JENNY HADFIELD WROTE A WONDERFUL, SHORT, not-too-technical piece for Runner's World in 2013 on how to approach pacing in this 13.1mile race, "How To Pace Your First Half or Full [sic]* Marathon". She effectively uses colors to make her points.
It happens to be MY PERSONAL approach for every half marathon I run, even though Hadfield indicates this is mostly for beginners. Essentially it involves 1) finding a comfortable running rhythm on THAT PARTICULAR DAY in the first half of the race, then 2) once you are clearly beyond the halfway point, at mile 8, challenging yourself to pick up the pace to make it a real race, not just another run, and 3) finishing the last mile+ as strongly as is possible.
The reason this plan works is that foundation for each stage is built during your training. You are enabled to run the 1st stage by ALL the training days you got out on the road and ran, JUST RAN; not employing a particular strategy, but just ran short, medium, and long distances to get in the mileage. Over the weeks, not thinking too much during these runs, you established the rhythm that you can settle into on race day.
The 2nd stage can be entered because your training purposely involved picking up the pace during certain segments of some runs, even if it was to simply finish the last half of the run faster than the first half. Your strength and hill training also prepared you to kick into this stage and slowly, purposefully pass one slower runner at a time on your way to the finish line.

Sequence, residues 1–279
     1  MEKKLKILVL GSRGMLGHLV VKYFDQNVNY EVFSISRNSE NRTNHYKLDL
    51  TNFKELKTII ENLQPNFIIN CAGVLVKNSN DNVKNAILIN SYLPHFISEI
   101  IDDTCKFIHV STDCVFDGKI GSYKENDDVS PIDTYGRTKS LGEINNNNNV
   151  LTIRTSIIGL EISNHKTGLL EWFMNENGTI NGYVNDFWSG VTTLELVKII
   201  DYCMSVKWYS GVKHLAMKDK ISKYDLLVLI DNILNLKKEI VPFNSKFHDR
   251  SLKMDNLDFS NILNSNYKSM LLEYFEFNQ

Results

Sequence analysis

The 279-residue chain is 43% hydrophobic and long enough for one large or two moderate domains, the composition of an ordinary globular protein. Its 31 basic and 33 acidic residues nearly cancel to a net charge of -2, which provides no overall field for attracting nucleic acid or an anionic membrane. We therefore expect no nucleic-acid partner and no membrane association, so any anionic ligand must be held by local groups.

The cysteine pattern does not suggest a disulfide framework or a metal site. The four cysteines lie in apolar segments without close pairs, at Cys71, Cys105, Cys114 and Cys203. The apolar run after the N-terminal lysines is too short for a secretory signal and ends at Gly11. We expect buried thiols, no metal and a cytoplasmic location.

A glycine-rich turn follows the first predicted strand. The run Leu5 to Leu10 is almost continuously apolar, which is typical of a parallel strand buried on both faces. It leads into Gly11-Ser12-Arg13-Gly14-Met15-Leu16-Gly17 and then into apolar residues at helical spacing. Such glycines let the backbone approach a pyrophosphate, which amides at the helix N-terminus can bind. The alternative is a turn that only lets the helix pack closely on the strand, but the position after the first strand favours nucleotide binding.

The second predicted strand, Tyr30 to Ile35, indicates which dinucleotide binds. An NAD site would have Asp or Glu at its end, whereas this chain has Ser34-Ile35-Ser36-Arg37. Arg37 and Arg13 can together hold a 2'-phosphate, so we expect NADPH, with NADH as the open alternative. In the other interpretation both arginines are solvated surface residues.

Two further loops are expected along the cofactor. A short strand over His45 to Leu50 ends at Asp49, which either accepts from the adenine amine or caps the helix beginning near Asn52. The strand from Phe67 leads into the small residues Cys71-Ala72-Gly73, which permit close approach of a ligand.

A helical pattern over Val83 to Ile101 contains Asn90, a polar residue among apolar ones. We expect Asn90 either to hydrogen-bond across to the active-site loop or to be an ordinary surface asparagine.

The last stage, for me, reflects the mental toughness developed whenever I accomplished a task/routine in the plan that I really, really, really did not feel like doing. It's the "nitro" that fuels my final surge (like "Fast and Furious" street cars). If I could push myself THEN, I can certainly push myself NOW, for this last 1.1 miles of the RACE which I've trained months to run.
Check out what COACH JENNY has to say, and think about your race pacing strategy as you run your easy miles this taper week.
* Word to the wise: it's not cool to use the term "full" marathon. Possibly RW editors forced it's use in the title. Experienced runners know there's "the marathon", and a shorter race that's half that distance.
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EARNED RUNS is edited and authored by me, runner and founder. I began participating in road races before 5Ks were common. I've been a dietitian, practiced and taught clinical pathology, and been involved with research that utilized pathology. I am fascinated with understanding the origins of disease as well as health.
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